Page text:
Pattern recognition (PR) is more robust to force fluctuations when employing the Time-Dependent Power Spectrum Descriptor (TD-PSD) with force magnitude-based training compared to most dimensionality reduction techniques [18]. Al-Timemy et al. presented a study to develop a technique with minimal error rates and faster response times than other test-based methods. EMG signals were collected from a group of amputees. The study found that TD-PSD could be a suitable alternative to feature extraction (FE) approaches in PR-based implementations [19].

Khushaba et al. [20] proposed a spatiotemporal descriptor for TSDs that accepted a set of EMG features gathered from various healthy and amputated limbs on high-density (HD) electrode grids to implement multiple degrees of freedom (finger and hand movements). Sharba et al. [21], on the other hand, used a set of widely used EMG sensors that monitor electrical signals associated with contractile muscle activity and other data acquisition methods. Accelerometers (Acc) were used to quantify skeletal movements resulting from movements of specific shoulder gestures as well as low-frequency displacements resulting from anatomical contractions.

Modern artificial intelligence techniques such as Deep Learning and unsupervised learning are applied in this field. Deep Learning can be thought of as artificial intelligence functions that are synergistic with human ways of thinking [22]. Recurrent neural networks (RNNs) are interconnected artificial networks that use sequentially or time-dependent data where the input to the current layer is the output of the previous layer. However, standard recurrent networks struggle with vanishing gradients caused by the steady decline of gradient backpropagation, making learning long data sequences difficult.

Long Short-Term Memory (LSTM) units provide a solution to these problems. They solve this by storing long time input signal steps during firing time and are resilient to arbitrary data input [23]. Qiao and Li [24] presented a pattern recognition method for an EMG signal-based LSTM model with PCA dimensionality reduction. They compared it to well-known pattern recognition methods such as SVM and random forest algorithms. They found that the PCA-LSTM approach outperformed other algorithms in terms of recognition rate and efficiency. It solves the "curse of dimensionality" problem and improves EMG signal recognition rates, laying the foundation for practical implementation of the algorithm model. Dao [25] used transfer learning to build and test an LSTM network for skeletal muscle force predictions. Also, with the help of LSTM, Chen et al. [26] demonstrated how their continuous estimation model for upper limb joint angles increased estimation accuracy.

A myoelectric prosthetic arm might be able to conduct a variety of shoulder motions while minimizing cognitive load if it has the ability to recognize shoulder motions and is combined with therapy-related neuro muscle programming. The following are the significant contribution of the study, which have been highlighted and summarized:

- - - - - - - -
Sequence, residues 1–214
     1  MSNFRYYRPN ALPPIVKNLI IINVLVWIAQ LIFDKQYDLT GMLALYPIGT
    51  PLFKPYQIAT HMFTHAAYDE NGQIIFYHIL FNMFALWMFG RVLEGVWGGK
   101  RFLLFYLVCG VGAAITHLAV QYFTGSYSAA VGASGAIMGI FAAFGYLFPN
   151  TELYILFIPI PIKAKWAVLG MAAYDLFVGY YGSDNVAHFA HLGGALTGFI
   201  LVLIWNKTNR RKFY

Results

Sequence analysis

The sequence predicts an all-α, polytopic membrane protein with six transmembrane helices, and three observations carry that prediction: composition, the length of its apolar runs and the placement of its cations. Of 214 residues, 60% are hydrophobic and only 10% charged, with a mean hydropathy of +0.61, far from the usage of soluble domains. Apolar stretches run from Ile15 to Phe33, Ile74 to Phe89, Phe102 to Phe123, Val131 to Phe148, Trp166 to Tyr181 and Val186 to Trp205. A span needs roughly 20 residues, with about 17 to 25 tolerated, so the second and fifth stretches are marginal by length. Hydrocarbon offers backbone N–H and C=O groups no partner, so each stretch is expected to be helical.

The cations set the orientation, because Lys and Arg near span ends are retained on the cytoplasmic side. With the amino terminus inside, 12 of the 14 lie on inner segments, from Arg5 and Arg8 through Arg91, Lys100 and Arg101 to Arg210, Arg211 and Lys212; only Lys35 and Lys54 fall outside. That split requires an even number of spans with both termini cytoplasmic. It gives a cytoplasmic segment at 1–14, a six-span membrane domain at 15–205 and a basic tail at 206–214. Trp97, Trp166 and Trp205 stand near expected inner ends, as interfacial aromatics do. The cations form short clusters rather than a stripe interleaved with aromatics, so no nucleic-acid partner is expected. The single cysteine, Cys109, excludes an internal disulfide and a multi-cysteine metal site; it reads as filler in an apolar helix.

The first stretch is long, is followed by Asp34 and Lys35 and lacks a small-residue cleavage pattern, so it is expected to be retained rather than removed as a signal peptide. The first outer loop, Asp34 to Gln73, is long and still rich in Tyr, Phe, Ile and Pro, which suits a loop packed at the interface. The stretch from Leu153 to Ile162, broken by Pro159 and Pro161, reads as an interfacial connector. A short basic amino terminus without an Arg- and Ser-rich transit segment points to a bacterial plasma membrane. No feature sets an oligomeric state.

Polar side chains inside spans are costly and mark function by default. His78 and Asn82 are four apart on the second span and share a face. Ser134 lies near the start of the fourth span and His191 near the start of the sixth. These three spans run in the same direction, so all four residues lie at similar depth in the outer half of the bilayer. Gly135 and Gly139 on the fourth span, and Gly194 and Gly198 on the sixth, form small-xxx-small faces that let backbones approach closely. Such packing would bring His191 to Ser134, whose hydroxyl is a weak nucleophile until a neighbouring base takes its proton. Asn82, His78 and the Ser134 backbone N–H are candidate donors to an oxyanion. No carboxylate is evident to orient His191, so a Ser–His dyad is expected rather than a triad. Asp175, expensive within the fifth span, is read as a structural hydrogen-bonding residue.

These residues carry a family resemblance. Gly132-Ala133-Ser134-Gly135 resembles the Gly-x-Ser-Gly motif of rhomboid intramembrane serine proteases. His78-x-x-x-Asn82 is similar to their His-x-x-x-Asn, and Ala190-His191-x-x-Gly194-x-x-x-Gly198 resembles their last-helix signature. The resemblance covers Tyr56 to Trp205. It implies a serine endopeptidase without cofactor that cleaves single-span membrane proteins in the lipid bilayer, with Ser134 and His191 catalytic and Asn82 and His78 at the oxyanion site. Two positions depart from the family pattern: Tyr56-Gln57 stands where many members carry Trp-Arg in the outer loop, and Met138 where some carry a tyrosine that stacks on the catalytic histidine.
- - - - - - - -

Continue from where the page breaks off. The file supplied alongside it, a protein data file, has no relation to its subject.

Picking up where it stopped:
1). by taking Time Dependent Power Spectrum Descriptors (TDP-SD) to extract features which Combines six features such as Roots square zero-ordered moments ($\bar{m}_0$), Root squared 2nd-order moment ($\bar{m}_2$) and 4th-order moment ($\bar{m}_4$), Sparseness, Irregularity Factor (IF), Waveform Length Ratio (WL) to extract 48-dimensional feature vectors from each subject (amputee or healthy person).

2). we explore the effects of LSTM and LDA classifiers on analysis of testing error.

2. Methodology

This work used a variety of approaches and strategies to extract features from bio-signals, reduce the dimensionality of extracted features, and estimate the motion class. Below is a brief description of these strategies and procedures.

2.1 Timely-Depend Powers Spectrums Descriptor (TD-PSDs) concept

The EMG signal during a specific iteration could be described as a relationship of frequencies X[k] using Discrete-Fourier-transformation (DFT) with the availability of the processed item of the EMGs input indicated as x[j], of j=1, 2 ...N, N represents the length and a sampler frequencies (fs)Hz. The first step in the feature extraction procedure is to remember Parsval's theory, which asserts that the summation of the squares of a relationship and its transform is identical [19].

$\sum_{j=0}^{N-1}|x[j]|^2=\frac{1}{N} \sum_{k=0}^{N-1}\left|X[k] X^*[k]\right|=\sum_{k=0}^{N-1} p[k]$  (1)

where, in the equation above, p[k] stands for the phase excluded power spectrum. Using [k] multiplied by the X[k] conjugate and divided by N, the frequency index is determined, where p[k] denotes the phase-excluded power spectrograph, this indicates that X[k] has a conjugate, X*[k], that is divided by N, compounded by k, and frequency index. The Fourier transformation's entire definition of frequency is frequently recognized as being symmetrically based in terms of nullified frequencies; that is, it contains comparable parts extensive to both positive and negative frequencies [27]. This symmetry is absent throughout the range, considering both positively and negatively sampled signals. Admittance to spectrum powers in the time-space is yet restricted. As indicated by the idea of a single-minute m of the request n p[k] of power spectrum thickness, all unpredictable minutes are likewise zero by the recurrence dispersion model's measurable technique [19].